Cakes, cookies, pastries and tray bakes

Over the last month we’ve been preparing and testing recipes for lazy afternoon tea at Le Manoir.

Here are the fourteen that made the list (in no particular order):

1. Carrot cake
2. Lemon drizzle cake
3. Chocolate brownies
4. Flapjacks
5. Custard tarts (see below – yummy!)
6. Jam tarts
7. Victoria sponge
8. Fruit tarts
9. Coffee and walnut cake
10. Scones
11. Cookies
12. Shortbread
13. Chocolate cake
14. Lemon curd tarts

What’s your favourite? Is there anything else you would you like to see on this list? SCH

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The Great British Sewing Bee is back

I was really happy to see The Great British Sewing Bee back on our screens this week having recently completed a ten week dressmaking course, and now being in the middle of another term. The programme didn’t disappoint; ten new contestants of varying personalities, sewing experience and creative styles; three different sewing tasks; three types of common fabric: cotton, wool and silk.

Task one: a simple sleeveless, round-neck top in cotton / Task two: repurposing an ankle-length woollen skirt / Task three: making a made-to-measure silk nightie.

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It’s amazing how many skills and techniques were covered by those three tasks in week one. Here are just a few that I jotted down:

  1. – Choosing the right fabric for the type of garment
  2. – Understanding how to treat / work with different fabrics
  3. – Measuring models and transferring measurements to patterns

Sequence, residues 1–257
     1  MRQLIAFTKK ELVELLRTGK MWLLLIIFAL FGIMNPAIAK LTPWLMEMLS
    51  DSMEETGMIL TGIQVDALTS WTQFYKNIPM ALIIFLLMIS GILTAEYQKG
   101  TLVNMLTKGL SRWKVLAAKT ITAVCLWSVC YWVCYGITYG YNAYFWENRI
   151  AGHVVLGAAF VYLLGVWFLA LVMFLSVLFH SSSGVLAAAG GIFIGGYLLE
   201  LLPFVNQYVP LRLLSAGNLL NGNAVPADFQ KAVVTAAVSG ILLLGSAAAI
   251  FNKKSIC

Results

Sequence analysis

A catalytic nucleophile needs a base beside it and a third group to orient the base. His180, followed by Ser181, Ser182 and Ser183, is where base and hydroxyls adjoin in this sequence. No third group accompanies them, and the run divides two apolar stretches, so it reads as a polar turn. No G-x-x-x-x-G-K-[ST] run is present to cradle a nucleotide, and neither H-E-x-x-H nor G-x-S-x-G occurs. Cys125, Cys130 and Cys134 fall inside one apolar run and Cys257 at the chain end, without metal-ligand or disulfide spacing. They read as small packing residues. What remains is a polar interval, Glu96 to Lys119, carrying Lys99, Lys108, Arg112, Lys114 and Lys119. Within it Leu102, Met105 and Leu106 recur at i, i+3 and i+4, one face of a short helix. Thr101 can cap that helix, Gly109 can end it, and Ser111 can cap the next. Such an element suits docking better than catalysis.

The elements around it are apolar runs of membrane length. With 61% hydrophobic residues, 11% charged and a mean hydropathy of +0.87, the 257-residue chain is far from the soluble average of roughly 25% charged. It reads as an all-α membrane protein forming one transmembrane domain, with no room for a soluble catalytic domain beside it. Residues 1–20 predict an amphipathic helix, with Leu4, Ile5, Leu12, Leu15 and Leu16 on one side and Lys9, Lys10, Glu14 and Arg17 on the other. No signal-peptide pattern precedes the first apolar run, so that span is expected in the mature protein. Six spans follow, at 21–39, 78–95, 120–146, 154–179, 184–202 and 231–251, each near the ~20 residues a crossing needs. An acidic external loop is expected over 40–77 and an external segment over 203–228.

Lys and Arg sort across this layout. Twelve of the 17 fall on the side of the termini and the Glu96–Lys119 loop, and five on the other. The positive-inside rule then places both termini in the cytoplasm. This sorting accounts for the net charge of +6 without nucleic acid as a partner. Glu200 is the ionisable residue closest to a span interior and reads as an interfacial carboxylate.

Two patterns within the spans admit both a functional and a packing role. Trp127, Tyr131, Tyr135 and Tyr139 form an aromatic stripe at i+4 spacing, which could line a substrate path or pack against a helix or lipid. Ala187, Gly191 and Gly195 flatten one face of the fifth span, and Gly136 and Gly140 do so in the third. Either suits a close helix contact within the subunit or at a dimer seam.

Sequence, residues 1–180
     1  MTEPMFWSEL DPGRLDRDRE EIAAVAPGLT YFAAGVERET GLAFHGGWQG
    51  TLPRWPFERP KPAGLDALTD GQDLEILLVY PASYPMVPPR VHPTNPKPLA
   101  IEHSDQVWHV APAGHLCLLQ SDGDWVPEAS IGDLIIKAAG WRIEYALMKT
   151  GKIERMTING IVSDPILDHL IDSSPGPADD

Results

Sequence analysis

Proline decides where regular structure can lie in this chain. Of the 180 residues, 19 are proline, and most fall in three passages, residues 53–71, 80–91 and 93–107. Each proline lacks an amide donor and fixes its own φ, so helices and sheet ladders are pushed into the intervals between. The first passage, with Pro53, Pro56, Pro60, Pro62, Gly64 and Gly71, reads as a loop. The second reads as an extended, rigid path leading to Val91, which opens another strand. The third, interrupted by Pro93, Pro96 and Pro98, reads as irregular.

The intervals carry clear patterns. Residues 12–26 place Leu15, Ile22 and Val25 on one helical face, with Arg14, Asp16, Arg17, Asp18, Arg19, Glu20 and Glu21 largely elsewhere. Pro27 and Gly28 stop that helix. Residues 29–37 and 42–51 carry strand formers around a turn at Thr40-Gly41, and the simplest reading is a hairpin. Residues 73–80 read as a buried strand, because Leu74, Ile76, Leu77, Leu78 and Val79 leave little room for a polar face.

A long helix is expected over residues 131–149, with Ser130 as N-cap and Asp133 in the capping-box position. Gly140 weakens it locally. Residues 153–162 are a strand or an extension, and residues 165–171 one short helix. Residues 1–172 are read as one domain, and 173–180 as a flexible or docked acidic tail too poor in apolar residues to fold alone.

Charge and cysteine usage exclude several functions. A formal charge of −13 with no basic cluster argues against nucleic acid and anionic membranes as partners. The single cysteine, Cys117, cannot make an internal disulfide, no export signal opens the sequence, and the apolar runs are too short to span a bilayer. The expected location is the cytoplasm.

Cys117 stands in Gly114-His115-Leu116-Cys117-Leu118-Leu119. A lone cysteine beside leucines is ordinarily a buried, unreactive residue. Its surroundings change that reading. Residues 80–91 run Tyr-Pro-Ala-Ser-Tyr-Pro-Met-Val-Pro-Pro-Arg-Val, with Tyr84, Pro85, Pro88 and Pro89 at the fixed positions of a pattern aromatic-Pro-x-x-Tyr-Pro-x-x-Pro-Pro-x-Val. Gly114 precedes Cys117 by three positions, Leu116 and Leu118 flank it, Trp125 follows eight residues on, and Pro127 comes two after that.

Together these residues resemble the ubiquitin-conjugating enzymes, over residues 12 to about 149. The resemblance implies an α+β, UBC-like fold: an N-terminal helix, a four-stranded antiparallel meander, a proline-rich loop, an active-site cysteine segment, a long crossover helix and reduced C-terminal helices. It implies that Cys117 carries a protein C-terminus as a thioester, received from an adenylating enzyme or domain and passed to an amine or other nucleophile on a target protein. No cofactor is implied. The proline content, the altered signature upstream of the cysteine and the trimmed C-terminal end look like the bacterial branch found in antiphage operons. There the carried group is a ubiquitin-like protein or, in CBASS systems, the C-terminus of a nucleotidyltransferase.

4. – Accurately marking, pinning and cutting out patterns
  5. – Matching fabric patterns (especially where it meets in the middle of a garment)
  6. – Adding darts / understanding body contours
  7. – Hand stitching (ladder stitch, etc.)
  8. – Understitching (e.g. necklines)
  9. – Rolling hems
  10. – Applying trims (e.g. lace)
  11. – Adding drama/impact
  12. – Following instructions and mManaging your time!

What have I missed out? Next week I’m sure the BBC will up the difficulty level. SCH

We’re changing names!

From today, ‘The Little Grange’ is simply to be known as Le Manoir Saint Gervais.

Initial feedback suggests The Little Grange doesn’t bear any relationship to the offering… a boutique B&B that also runs vintage craft courses… and was perhaps a tad confusing? I really value feedback and have taken on board these comments. We now have a new URL for the website ( and will run the B&B business and courses together under that name. I must say it is starting to make life a whole lot easier!

With the name changed we now have a Pinterest account set up ( as well as a Facebook account (

I was very fond of The Little Grange as a flexible concept (The Little Barn; La Petite Grange, etc.), but recognise it came about very early in the development of the business when a UK property was still a distinct possibility. Who knows, maybe we will get to use the name one day in another part of the business?! SCH

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Upholstery course: day two

This is a progress update on the small stool I began re-upholstering last year (well, dismantling more like)!

I realised quite quickly that we had stapled the webbing to the wrong side of the chair last time round (fine if you are planning to build the seat up without springs – not so good if you have old springs to replace). So I began by taking off the webbing, cleaning up the woodwork and reapplying the webbing to the correct (under)side.

Next it was time to hand sew the springs to the webbing and create a sprung unit from the five springs by coercing them together with string. Then I nailed a layer of hessian to the frame – over the top of the springs – and hand sewed the springs under the fabric by ‘feel’.

That took most of the morning which meant the afternoon was spent hand sewing little cord pockets for the synthetic filling which would be tucked in to create part of the seat padding. The final step was to add another piece of hessian and secure with temporary tacks.

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This is as far as I got in seven hours. I am hoping that one more course day may bring me closer to the actual fabric cover! SCH